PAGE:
The Digitally Human founder and Future is Female judge, Salma El-Wardany explains how marketing is really all about storytelling.
Salma El-Wardany can trace her career in marketing back to an early age. At six she would leap out of bed every morning at 5am, frantically scribble down an imaginary news report, don her cardigan then deliver a bulletin out loud at 6am.
“Much to the disappointment of my whole family. They’d be like ‘shut up it’s 6am!’” she laughs. “It’s funny that I used to do that, I never realized that it was just a desire to tell stories.
Now when I do marketing for clients, that’s all I’m doing – putting on my cardigan, writing my report and telling that story to the world.”
With storytelling in her blood, El-Wardany left Newcastle University with a master’s degree in English literature in 2010 and worked as a bid writer at recruitment firm Harvey Nash before being promoted to head of content for the UK and Ireland.
Running alongside her day job, El-Wardany was also establishing a presence on social media and writing her own blog, honing skills she was able to bring into the workplace. “I was sweary and sarcastic [but] I think they clocked that I was a really good writer and that I knew how to build a platform digitally,” she says.
From there she joined James Caan’s Recruitment Entrepreneur as head of marketing and social media, crafting the digital strategy for the venture capital fund and working closely with the businesses it invested in. Then, in 2016, El-Wardany founded Digitally Human, a content marketing firm that aims to cut down on mundane business jargon and forge deeper connections between a brand and its audience.
Digitally Human has worked with clients in the UK and US, ranging from media giants like Omnicom to the wine platform Vin Social. One of El-Wardany’s favorite projects to work on was with the music label Platoon, best known for developing emerging artists like Billie Eilish and Stefflon Don before they move on to traditional label deals. The partnership saw Digitally Human produce a Platoon brand book with a mission statement, manifesto, and values. The label was later sold to Apple at the end of 2018. “They were working with incredible artists and they had such potential, but none of the vision of who they were was captured anywhere,” she explains. “I had such a beautiful, joyful time doing it – it was such a creative project.”
Alongside her work at Digitally Human, El- Wardany has also written for publications including Stylist and Buzzfeed, co-hosted The Scene on BBC Radio London and delivered two powerful TED Talks on her experiences as a Muslim woman juggling her Egyptian, Irish and Pakistani heritage. Diversity and inclusion are at the heart of her work, but she fears there’s a disconnect in the advertising industry and wider world – everyone is happy to have a discussion about these issues but there isn’t enough quantifiable action.
“I think we’re actually in one of the most dangerous times in our struggle for diversity and inclusion, because what we’re now doing is talking about it – and we’ve created this false economy of diversity,” she says.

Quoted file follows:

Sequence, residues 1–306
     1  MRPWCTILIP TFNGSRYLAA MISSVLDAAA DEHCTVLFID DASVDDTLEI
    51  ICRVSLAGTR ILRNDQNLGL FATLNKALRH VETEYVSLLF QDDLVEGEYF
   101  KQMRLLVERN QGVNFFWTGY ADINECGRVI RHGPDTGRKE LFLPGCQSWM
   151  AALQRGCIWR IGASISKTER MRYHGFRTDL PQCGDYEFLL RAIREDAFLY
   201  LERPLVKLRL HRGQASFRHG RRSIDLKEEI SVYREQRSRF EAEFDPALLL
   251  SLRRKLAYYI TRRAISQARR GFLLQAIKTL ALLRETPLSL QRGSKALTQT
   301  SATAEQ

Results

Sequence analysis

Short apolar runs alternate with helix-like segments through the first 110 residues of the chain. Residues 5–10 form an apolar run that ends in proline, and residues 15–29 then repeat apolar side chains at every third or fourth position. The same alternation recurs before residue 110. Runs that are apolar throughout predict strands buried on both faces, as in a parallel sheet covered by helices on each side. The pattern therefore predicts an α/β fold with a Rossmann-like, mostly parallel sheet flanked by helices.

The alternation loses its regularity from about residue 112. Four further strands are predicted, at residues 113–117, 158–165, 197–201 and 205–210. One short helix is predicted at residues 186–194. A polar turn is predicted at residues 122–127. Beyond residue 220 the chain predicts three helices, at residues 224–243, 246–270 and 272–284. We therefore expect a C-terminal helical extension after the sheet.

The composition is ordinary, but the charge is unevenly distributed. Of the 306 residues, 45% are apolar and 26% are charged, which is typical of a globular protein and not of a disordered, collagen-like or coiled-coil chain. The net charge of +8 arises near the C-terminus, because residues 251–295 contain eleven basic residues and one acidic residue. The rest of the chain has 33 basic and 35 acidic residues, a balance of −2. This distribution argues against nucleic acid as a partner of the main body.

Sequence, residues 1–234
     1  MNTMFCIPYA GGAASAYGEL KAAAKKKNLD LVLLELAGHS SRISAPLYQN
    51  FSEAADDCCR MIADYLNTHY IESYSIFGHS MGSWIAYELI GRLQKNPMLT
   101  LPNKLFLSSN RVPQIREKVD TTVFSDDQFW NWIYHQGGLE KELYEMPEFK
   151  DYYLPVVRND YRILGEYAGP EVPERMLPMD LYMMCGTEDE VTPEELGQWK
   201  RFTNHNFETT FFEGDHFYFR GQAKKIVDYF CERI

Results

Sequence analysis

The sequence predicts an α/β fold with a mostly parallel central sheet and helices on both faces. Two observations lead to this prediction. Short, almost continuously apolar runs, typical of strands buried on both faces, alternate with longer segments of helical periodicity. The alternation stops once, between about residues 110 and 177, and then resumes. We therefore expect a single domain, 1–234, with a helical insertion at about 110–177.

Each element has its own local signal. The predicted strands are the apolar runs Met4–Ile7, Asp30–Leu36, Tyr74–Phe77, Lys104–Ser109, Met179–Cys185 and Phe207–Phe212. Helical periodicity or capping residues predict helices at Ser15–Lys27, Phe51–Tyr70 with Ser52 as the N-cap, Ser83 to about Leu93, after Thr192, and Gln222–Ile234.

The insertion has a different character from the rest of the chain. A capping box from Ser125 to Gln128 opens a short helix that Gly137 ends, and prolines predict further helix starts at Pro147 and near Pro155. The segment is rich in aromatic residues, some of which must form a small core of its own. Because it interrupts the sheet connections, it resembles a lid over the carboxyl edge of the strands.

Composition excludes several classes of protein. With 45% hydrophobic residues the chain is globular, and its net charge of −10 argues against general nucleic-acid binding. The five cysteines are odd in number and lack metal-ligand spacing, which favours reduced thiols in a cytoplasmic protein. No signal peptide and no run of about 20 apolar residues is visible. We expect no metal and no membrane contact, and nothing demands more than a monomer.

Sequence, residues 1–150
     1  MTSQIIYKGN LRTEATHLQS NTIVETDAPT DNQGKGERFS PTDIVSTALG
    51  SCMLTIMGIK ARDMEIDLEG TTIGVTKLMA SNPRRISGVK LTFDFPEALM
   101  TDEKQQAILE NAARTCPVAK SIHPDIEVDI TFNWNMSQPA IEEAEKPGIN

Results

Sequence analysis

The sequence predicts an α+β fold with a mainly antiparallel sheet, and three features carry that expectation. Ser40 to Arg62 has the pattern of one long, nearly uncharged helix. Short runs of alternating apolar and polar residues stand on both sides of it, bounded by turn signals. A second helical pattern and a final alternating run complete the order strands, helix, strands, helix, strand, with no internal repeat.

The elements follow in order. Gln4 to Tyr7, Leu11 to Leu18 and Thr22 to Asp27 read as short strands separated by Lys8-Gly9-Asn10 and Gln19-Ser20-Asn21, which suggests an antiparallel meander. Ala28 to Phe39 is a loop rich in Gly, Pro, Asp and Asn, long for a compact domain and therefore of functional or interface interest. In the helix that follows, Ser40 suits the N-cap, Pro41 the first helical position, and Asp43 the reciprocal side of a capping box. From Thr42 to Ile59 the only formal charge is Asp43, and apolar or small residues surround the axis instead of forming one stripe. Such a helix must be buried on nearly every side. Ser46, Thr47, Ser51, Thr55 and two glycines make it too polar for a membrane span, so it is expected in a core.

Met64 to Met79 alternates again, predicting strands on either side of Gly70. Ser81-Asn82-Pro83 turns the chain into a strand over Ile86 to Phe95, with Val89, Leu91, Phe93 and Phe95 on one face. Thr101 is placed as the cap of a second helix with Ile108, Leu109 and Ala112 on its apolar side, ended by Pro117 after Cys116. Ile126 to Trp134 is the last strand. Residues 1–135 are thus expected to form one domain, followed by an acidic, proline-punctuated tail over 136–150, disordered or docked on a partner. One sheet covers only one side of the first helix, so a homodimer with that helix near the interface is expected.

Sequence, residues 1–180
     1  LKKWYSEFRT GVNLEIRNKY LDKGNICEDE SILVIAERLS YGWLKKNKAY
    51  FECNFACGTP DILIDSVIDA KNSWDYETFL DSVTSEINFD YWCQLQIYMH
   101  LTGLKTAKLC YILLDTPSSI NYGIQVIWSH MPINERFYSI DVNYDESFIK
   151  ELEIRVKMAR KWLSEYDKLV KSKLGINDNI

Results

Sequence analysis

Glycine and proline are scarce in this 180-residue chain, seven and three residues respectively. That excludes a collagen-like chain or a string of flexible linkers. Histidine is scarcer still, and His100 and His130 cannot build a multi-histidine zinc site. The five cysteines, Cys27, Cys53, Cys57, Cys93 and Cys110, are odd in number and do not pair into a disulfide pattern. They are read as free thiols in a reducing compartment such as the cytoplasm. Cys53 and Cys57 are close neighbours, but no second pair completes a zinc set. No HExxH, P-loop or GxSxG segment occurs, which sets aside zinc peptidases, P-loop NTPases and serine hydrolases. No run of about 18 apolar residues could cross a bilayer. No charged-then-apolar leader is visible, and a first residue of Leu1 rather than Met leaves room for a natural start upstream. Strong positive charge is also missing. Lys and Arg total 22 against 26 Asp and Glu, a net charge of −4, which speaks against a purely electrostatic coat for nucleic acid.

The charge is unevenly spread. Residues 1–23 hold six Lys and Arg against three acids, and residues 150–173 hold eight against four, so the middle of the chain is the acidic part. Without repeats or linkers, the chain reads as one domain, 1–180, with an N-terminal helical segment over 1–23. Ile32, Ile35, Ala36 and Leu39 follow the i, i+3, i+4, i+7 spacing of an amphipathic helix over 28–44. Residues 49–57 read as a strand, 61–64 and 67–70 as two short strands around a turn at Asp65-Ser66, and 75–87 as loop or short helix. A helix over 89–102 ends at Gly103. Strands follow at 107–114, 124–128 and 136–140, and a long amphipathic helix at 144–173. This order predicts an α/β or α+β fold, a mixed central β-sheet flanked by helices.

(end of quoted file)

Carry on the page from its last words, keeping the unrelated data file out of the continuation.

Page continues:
“We’re talking about #MeToo and Time’s Up and Black Lives Matter, these huge social movements, but nothing is actually changing on the ground.” El-Wardany cites the lack of legislation put in place since #MeToo to protect women in Hollywood and the absence of female directors nominated for Academy Awards as two recent areas of concern. “What we now have is the language to talk about problems but we still don’t have the solutions to those problems,” she says. El Wardany is frequently asked for advice from women in the industry and is dedicated to “paying it forward” to others. “I’m incredibly passionate about feminism and a lot of my work is around that, and marginalized groups and voices in the workplace,” she notes.
“Lots of women will ask me if we can go for a coffee and I’m always like, ‘absolutely, yes, let’s go for coffee!’” El-Wardany will take on a judging role for Future is Female, a platform to honor rising stars of the advertising and marketing world.
After debuting at Advertising Week New York in 2019, Future is Female will continue as a year-round global initiative. “I think across the board, we need spaces that are celebrating women, that are highlighting women, spotlighting them, programming them, platforming them, whatever we can do to put them in those spaces,” El- Wardany explains.
What ingredients does a modern content marketing professional need to succeed? El-Wardany values empathy and the importance of being able to put yourself in someone else’s shoes. There is also, she explains, the need to marry this with “a business sense to understand how to reach audiences and how that’s going to develop into an ROI”. From that balancing act of creativity and pragmatism, “you get some beautiful work in marketing”. All roads, though, point back to those yarn-spinning 6am news bulletins.
“I think the people who are incredible at marketing and advertising are the ones who are innate storytellers. They just always feel compelled to [do that],” she says. Presumably, to get ahead in advertising, the cardigan is optional.
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